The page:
For us, the Department has responded with some listening sessions … but no action. Children are still slipping through cracks that have eroded into gaps that are the size of the Grand Canyon, and humans are suffering here in real time. Agencies are responding with “pizza parties” but avoiding therapy for kids. Service providers that were meant to be conducting outreach to rural communities are using apps instead of seeing families in our biggest municipalities, and using that chance to keep raking in big government cash.

And our children are suffering.

A sort of suffering that isn’t all about today, even though the hardship is marked and measurable. A sort of suffering that will last through out a life span. A sort of suffering that has parents splitting, families breaking, and adult children left in group homes rather than living functional, productive lives.

The sort of suffering that the soft bigotry of low expectation has allowed to fester in our families for far too long.

I see you are tired. I know you are fighting a battle that is hard and I also know that you are doing what is meant to be done for your constituents, no matter your party’s platform. And that is how I know you are good at your job, Rachel Notley. Because that is what a good representative does. They put aside their party positions and represent the needs of their constituents.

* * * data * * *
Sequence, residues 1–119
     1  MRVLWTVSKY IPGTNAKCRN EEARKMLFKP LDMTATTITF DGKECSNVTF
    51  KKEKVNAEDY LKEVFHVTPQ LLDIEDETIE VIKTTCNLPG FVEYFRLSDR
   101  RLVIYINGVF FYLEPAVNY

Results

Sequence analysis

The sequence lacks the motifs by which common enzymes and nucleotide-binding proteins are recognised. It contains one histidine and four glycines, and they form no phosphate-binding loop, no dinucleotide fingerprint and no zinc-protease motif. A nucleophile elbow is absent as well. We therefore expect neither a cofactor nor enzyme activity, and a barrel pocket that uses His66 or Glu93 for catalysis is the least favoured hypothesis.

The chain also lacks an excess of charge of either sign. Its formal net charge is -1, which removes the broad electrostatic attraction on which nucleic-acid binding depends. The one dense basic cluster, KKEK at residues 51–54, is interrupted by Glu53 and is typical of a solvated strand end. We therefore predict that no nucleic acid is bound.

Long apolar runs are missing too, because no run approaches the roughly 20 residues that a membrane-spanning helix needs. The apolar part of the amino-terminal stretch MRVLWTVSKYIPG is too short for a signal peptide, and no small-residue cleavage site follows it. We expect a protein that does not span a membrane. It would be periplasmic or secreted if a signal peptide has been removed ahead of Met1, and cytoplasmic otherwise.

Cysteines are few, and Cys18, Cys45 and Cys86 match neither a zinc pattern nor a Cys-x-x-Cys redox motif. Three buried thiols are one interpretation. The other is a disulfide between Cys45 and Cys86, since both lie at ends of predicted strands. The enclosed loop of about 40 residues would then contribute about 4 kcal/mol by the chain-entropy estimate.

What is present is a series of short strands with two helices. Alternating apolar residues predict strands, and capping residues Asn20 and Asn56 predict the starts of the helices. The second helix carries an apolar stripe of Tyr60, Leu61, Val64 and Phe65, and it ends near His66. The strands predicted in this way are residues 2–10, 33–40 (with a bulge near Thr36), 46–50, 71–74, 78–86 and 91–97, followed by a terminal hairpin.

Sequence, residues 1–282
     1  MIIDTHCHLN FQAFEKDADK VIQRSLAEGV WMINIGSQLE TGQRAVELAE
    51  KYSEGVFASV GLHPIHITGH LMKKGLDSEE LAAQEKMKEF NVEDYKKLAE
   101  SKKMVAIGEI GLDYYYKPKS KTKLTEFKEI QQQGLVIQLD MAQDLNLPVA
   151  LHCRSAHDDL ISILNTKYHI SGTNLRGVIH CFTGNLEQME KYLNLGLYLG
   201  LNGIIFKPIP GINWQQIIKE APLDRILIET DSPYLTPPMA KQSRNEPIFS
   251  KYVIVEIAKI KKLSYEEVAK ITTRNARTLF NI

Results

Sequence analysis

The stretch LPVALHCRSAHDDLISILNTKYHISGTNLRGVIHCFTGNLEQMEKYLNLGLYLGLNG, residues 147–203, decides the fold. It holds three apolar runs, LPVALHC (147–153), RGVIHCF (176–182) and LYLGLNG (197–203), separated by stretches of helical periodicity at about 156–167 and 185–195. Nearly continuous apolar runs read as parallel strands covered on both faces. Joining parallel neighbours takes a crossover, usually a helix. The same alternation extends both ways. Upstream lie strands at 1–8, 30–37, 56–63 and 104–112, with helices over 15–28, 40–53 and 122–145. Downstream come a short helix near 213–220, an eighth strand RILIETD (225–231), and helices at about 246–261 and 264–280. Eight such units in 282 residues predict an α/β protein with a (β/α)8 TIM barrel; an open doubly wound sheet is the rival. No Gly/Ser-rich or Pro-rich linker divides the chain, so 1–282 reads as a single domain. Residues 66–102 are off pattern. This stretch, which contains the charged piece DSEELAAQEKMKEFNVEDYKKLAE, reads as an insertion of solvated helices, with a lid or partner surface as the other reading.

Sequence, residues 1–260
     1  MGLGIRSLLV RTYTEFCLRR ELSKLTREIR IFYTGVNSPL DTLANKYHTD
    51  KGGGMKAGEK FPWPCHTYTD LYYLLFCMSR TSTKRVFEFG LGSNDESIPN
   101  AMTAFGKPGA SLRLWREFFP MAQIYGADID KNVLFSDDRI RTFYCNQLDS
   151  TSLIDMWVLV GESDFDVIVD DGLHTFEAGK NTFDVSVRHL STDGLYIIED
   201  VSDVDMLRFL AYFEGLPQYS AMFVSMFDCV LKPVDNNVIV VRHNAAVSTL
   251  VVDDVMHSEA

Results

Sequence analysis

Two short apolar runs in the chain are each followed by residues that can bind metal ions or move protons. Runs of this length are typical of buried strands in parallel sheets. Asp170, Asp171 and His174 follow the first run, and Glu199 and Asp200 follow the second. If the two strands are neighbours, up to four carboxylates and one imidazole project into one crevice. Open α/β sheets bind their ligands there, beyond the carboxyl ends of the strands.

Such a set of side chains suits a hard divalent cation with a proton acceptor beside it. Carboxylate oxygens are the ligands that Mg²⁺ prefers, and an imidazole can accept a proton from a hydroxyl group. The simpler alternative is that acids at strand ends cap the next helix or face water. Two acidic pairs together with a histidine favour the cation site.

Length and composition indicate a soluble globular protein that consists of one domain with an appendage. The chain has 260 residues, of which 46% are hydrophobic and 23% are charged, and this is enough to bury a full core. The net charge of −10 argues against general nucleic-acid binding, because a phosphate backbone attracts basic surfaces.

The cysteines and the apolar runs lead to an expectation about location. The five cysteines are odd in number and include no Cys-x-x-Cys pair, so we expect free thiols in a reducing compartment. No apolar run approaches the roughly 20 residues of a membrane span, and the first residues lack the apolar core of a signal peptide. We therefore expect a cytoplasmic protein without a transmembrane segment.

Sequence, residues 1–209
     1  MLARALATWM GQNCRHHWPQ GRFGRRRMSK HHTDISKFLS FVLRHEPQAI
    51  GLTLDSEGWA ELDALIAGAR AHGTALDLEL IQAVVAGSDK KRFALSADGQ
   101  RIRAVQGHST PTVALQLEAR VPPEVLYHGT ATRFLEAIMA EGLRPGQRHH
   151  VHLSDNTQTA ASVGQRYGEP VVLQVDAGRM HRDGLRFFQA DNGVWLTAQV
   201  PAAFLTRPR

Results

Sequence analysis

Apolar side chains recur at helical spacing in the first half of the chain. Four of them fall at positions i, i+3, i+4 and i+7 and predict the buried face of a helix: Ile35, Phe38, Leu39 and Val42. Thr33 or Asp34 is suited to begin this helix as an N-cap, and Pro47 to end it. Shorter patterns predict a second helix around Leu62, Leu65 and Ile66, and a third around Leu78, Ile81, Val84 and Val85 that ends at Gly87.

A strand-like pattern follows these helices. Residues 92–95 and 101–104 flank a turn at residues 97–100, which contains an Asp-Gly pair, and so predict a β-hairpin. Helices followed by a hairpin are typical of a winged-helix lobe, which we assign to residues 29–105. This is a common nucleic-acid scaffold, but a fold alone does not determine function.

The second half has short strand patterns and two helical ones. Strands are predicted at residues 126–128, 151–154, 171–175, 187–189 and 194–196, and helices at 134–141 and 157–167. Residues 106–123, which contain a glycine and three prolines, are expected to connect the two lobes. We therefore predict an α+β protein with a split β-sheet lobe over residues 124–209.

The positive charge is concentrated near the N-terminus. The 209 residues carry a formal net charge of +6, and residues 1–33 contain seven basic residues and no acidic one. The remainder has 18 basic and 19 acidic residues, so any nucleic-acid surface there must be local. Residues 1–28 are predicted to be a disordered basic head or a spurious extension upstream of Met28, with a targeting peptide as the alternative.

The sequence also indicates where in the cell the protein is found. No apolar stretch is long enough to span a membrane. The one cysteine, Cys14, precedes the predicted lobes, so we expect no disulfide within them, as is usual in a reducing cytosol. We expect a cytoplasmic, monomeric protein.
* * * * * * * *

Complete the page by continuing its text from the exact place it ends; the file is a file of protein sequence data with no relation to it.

While we may not get as much press as the pipeline, we are also your constituents. While there are people put in place to handle these issues, they aren’t. Handling them.

The buck does stop with you.

We are Alberta’s families too.

I *know* this Province has a hero in you!

It’s time to show this province what powerful, compassionately minded, intelligent, strong women can do!

Help us fix FSCD!



Jenn Thompson:

I have sent this email to the CSS Minister, the Executive Director of the Disability Accessability and Inclusion Department, and The exec director of FSCD this morning…

It has been a few weeks since the listening sessions were set up.

Two weeks since we marched on the Legislature and rejoiced at the announcement in the house from the Honourable Irfan Sabir that direct therapy is intended for every child who qualifies.

It has been almost 14 years since the inception of the FSCD Act and Regulations.

I have been reading the Policy and Procedures manual. The Nov 17 revised version. It is very interesting.

Not only are we not getting the direct therapy we should be getting – FSCD is not at all sticking to their own timelines.
Families waiting more than 6 months for their initial appointment AFTER diagnosis with the FSCD worker provided all documents in November and an intake was just scheduled for 2 weeks ago. Contracts that expired in February, still not renewed though there hasn’t been a change in the child’s need. Front line workers telling families “I know there has been some advocacy but that hasn’t changed our policy of only providing funding for parent training. FSCD does not fund direct therapy.”

This is all unacceptable.

There has been no action as yet. In fact, the only “action” that has been taken is that front line workers and team leads have stopped replying to emails or phone calls at all. In direct contradiction to FSCDs own Policy (as per the manual) that every call be returned within 2 business days. 60 days pre-expiration is the policy of FSCD for renewal meeting. Why are families waiting months AFTER the contract expired? Why are front line workers still denying families access to the supports their children are protected to have under the Law?

Do you need something more than the exact words of the Premier herself?